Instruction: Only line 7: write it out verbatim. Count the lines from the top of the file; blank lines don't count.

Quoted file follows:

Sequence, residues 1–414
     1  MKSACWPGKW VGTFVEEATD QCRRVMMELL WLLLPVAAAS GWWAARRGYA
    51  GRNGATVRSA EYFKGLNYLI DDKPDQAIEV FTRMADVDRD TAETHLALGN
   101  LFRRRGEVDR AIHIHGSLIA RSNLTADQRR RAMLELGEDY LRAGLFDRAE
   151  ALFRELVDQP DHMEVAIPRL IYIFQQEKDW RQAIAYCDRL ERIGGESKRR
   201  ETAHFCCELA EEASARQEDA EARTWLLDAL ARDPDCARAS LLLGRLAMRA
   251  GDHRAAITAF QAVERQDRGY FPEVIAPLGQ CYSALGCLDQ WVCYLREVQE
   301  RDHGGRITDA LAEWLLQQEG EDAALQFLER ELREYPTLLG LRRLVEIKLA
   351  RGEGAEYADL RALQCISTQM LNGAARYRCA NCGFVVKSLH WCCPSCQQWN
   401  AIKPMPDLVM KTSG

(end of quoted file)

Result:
   251  GDHRAAITAF QAVERQDRGY FPEVIAPLGQ CYSALGCLDQ WVCYLREVQE